Boston archdiocese allows rescheduled ‘gay pride’ Mass
BOSTON, June 20, 2011 (LifeSiteNews.com) – A ‘gay-friendly’ parish in Boston is celebrating a victory after leaders in the parish said the archdiocese of Boston had given permission to reschedule a Mass intended to celebrate Boston’s gay pride month for a less controversial date.
The Mass, with the theme “All Are Welcome,” has been rescheduled for July 10 after the archbishop’s office rejected an earlier date that diocesan officials said implied too much cooperation with the city’s gay pride celebrations.
However, it was not only the date that gave the impression of support for gay pride. The original statement in the church bulletin announcing the mass had explicitly invited “all friends and supporters of the LGBT community to a Mass in celebration of Boston’s Pride Month.”’
Members of the ministry were triumphant at Sunday’s prayer service, which took place outside the building of St. Cecilia’s Catholic Church in place of the canceled Mass. “See you all on July 10!’’ Rainbow Ministry president John Kelly yelled to the applauding crowd of about 250, according to a Boston Globe report.
On its website, the Rainbow Ministry states that it aims “to reaffirm our Catholic faith community as one which is open to and supportive of gay, lesbian, and transgendered persons in the loving Spirit of Christ.”
Last week, Boston archdiocese spokesman Terrence Donilon announced that the Mass planned for June 19 would be cancelled, but told the Globe that Boston Cardinal Seán O’Malley would not oppose the prayer service that was held in its stead.
“This should not be about conflict. The teachings of the Catholic Church are set in stone, but that doesn’t stop us from loving people from different walks of life,” he said.
O’Malley reacted to the negative backlash over the Mass cancellation on his blog Friday, stating, “[T]he Church exists to announce the Gospel and invite people to conversion, to greater discipline in their lives as they seek to follow Christ’s teachings, which apply to everyone, regardless of their sexual orientation.”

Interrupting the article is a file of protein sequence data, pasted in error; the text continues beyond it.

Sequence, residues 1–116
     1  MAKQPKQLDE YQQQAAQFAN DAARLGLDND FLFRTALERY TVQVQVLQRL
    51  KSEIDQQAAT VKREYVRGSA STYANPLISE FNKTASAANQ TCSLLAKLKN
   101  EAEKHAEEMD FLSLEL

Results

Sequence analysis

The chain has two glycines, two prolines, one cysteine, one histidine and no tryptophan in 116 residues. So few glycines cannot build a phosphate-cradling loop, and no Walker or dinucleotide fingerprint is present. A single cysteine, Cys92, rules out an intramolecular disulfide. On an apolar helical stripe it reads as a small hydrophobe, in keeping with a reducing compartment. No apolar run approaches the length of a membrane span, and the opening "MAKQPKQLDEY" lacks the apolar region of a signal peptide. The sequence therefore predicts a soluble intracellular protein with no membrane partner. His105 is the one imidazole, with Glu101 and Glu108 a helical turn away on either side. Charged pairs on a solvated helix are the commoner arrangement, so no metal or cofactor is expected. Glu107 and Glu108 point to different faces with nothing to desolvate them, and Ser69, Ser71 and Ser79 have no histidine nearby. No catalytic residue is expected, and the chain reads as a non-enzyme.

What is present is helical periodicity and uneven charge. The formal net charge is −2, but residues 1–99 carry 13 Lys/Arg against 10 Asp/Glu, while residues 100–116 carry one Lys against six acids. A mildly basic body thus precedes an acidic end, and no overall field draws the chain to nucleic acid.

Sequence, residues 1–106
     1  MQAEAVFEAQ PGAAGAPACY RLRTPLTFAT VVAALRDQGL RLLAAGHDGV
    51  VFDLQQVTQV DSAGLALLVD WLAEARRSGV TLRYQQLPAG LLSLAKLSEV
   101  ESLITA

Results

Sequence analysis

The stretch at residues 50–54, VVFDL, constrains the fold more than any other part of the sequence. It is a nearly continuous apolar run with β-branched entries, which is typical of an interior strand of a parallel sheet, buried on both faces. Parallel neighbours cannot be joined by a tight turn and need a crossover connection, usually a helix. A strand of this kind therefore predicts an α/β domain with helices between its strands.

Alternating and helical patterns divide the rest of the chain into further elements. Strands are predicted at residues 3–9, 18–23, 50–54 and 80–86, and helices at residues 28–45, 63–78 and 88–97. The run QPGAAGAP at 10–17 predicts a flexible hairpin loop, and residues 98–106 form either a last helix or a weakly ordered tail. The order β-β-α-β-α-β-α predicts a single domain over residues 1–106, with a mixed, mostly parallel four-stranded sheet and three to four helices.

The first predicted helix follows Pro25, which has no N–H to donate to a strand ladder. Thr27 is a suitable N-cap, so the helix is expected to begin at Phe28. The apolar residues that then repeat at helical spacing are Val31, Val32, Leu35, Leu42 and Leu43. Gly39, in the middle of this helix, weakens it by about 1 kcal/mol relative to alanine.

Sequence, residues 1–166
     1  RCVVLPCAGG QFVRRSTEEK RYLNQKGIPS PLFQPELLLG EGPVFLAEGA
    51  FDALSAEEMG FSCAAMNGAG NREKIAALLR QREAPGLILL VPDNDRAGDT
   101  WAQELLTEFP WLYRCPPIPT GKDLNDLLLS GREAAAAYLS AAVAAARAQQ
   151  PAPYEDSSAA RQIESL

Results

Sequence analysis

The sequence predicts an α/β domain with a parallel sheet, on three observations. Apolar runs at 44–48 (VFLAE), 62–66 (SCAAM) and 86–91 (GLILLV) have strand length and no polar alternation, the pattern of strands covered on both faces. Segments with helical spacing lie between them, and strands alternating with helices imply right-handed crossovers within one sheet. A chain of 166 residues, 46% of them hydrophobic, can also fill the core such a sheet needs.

The cardinal reposted an earlier letter rejecting same-sex “marriage” and recalling, “The Church has often warned against defining people by their sexual orientation in a way that diminishes their humanity.”
Despite such attempts to soothe ruffled feathers, emotions continued to run high in the wake of the archdiocese’s initial move to quash the mass. Following the cancellation Rev. John Unni, the pastor of St. Cecilia’s, gave an impassioned sermon supporting inclusion of parishioners “gay or straight, rich or poor, young or old, black or white.” Other local gay activists joined a chorus of condemnation, including Gene Robinson, the Episcopal Church’s first openly gay bishop.
Reports from the prayer service indicated that supporters of the Rainbow Ministry are still dissatisfied with the outcome, and the way the controversy was handled.
One member of the crowd, 22-year-old Shawn Fiedler, said in the Globe’s article, “It saddens me that the church follows bloggers and not the Holy Spirit. We’re not going to move forward that way.’’ The vice chairman of the parish council said parish leaders hope to meet with archdiocese officials to discuss “a very hurtful few weeks.”
Local conservative Catholics met news of the Rainbow Ministry’s prayer service with dismay. C.J. Doyle of the Catholic Action League of Massachusetts called the service a “tragedy” that revealed “a massive failure of formation and catechesis in Saint Cecilia’s Parish.”
“The archdiocese is neglecting the spiritual welfare of the people of St. Cecilia’s by refusing to give them the full truth of Catholic teaching,” Doyle told LifeSiteNews.com Monday afternoon. “Clearly this Mass, if it is allowed to go forward, will be both a scandal and a sacrilege.”
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